|Number 15-01: Early Recognition of Hypertrophic Cardiomyopathy Phenotype by CMR.|
Number 15-01: Early Recognition of Hypertrophic Cardiomyopathy Phenotype by CMR.
Case from: Arun Dahiya1,2, Mark Hansen3, Bruno Jesuthasan1,Prasad Challa1
2Royal Brisbane and Women’s Hospital, Queensland Australia
3Qscan Radiology, Queensland, Australia
Clinical history: A 16-year-old boy was found to have an abnormal ECG (Figure 1) during his appendectomy surgery. His background was remarkable for a small muscular VSD, which had undergone spontaneous closure on an echocardiogram performed two years prior. His father had a history of hypertrophic obstructive cardiomyopathy resulting in severe LV systolic dysfunction and requiring heart transplantation. The patient’s echocardiogram and electrocardiograms (Figure 2) performed 2 years ago were not diagnostic of hypertrophic cardiomyopathy. However on this occasion his abnormal ECG led to an Echo followed by CMR. Echo showed mild prominence of the septum and raised the possibility of HCM. Therefore CMR was performed for further delineation.
Figure 1. ECG was borderline for LVH by voltage criteria and showed deep t inversion the infero-lateral leads
Figure 2. ECG 2 years ago.
CMR Findings: CMR showed asymmetrical hypertrophy of the basal infero-septum (1.6cm, LV mass 60g/m2) with deep intramuscular crypts predominantly involving the infero-septum, inferior wall and anterior wall (Movies 1-4). Overall LV systolic function was normal. Papillary muscles were normal in thickness with normal attachments. There was no LVOT obstruction and there was no obvious VSD seen on this study.
Movie 1 - Two chamber SSFP. Movie 2 - Three chamber SSFP.
Movies demonstrate asymmetrical hypertrophy of the basal infero-septum with deep intramuscular crypts predominantly involving the infero-septum, inferior wall and anterior wall. Normal aspect of papillary muscles. Movie 2 further demonstrates absence of LVOT obstruction.
Movie 3 - Four chamber SSFP. Movie 4 - Short-axis SSFP.
Movies demonstrate normal LV systolic function. No obvious VSD seen on these images.
Four chamber perfusion revealed no obvious communication between the left and right (Movie 5). Furthermore flow quantification through pulmonary artery and aorta were not suggestive of significant intra-cardiac shunting (Figure 3).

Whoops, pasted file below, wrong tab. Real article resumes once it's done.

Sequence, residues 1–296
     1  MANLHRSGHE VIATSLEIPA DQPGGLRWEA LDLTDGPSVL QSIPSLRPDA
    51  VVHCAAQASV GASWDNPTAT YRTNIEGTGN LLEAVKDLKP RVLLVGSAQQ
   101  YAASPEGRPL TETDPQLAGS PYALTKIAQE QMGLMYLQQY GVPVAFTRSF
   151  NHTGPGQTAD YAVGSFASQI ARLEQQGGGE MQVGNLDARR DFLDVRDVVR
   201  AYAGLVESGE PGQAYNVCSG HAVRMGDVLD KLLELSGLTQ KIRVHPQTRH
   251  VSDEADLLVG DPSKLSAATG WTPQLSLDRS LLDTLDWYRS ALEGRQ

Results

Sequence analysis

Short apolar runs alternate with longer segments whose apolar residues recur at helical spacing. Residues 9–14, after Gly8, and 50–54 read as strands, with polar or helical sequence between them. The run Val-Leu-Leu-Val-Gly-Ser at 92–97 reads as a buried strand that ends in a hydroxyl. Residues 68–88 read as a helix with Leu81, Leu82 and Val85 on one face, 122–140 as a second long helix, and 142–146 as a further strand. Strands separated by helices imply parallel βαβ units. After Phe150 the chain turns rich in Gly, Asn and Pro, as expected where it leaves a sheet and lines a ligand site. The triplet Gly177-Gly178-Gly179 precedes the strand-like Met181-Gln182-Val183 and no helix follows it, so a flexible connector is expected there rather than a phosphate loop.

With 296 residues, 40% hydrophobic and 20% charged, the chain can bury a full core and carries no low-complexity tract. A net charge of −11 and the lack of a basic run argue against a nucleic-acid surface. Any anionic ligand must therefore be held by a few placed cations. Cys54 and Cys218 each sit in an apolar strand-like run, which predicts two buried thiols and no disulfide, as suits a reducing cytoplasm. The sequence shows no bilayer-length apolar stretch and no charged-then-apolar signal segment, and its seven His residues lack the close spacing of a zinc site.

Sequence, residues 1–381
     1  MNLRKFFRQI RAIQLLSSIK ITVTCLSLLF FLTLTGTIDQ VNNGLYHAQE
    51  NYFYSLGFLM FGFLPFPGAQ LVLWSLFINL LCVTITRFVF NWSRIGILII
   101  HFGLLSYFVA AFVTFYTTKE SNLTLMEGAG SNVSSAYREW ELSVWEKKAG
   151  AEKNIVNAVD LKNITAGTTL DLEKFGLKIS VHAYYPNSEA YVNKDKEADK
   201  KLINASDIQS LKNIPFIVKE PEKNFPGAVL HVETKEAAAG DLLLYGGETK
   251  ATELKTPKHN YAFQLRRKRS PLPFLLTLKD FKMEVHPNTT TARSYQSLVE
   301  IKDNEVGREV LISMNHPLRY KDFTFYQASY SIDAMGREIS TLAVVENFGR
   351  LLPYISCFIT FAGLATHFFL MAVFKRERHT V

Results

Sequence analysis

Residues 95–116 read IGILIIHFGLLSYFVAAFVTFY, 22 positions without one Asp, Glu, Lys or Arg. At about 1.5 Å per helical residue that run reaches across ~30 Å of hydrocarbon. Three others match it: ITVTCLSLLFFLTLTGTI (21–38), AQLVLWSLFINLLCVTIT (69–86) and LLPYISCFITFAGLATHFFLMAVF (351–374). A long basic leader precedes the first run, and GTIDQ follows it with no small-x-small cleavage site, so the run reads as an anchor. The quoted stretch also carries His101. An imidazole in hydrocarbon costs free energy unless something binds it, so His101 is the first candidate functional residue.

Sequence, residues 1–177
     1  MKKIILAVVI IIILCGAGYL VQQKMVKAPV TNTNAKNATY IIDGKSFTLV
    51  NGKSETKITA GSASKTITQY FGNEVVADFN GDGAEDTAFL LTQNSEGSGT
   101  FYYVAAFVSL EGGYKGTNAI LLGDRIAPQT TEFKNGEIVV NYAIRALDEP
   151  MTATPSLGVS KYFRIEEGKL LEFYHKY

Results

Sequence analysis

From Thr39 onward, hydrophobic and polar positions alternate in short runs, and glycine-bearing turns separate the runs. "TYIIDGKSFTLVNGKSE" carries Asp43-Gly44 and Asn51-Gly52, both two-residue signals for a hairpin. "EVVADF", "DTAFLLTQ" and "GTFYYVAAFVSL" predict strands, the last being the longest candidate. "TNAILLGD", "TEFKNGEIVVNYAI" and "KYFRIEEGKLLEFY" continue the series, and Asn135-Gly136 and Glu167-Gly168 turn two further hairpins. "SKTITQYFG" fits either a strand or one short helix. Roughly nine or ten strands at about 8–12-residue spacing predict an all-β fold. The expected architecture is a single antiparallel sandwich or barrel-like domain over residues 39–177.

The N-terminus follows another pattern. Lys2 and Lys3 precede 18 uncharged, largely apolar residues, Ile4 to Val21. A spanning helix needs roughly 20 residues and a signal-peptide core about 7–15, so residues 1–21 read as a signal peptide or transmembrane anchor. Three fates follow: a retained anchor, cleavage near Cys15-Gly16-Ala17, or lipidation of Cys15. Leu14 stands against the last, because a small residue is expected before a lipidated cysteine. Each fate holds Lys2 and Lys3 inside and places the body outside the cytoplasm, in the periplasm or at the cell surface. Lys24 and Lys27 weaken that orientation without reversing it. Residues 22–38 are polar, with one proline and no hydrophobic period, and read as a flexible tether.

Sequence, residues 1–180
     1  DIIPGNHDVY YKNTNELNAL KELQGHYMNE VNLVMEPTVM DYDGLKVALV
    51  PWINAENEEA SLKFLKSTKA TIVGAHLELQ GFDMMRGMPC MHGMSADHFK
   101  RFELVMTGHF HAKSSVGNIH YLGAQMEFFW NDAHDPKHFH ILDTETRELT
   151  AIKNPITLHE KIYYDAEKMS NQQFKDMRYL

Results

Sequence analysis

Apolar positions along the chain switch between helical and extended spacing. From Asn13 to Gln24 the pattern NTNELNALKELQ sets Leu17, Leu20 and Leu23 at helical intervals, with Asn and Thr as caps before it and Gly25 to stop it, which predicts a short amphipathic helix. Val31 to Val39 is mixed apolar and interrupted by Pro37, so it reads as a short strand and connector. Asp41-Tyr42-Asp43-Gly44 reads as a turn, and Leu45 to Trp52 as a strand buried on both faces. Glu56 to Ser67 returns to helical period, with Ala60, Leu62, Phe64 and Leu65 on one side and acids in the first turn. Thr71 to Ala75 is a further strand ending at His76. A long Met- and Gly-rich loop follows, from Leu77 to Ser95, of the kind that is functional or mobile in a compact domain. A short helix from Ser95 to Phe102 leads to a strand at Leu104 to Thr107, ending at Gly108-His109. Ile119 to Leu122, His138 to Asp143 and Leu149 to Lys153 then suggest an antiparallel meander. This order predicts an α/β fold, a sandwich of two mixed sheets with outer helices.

Movie 5. Four chamber perfusion demonstrating no obvious communication between the left and right ventricle.
Figure 3. Phase contrast flow quantification.
Post-gadolinium delayed enhancement imaging revealed focal area fibrosis in the thickened septum (Figure 4 and 5).
Figure 4. 2D inversion recovery (LGE) in short-axis view demonstrating focal pattern of delayed enhancement in the infero-septal region
Figure 5. 2D inversion recovery (LGE) in four chamber view demonstrating a focal pattern of delayed enhancement in the septal region.
Conclusion: These findings were consistent with early phenotypic manifestation of HCM in a patient with a family history of HCM. Therefore CMR provided incremental information, which was crucial towards ongoing care of this patient. Subsequent to this study patient was diagnosed with HCM and his family was referred for genetic testing. Results of genetic testing are pending. Patient is not considered for ICD at this stage, as he didn’t have other high-risk features for sudden cardiac death but will be under ongoing surveillance. He was previously involved in active sports therefore it was recommended for him to follow recreational (Noncompetitive) sports activities and exercise guidelines as per the latest AHA/ACCF document.
COTW handling editor: Pranav Bhagirath
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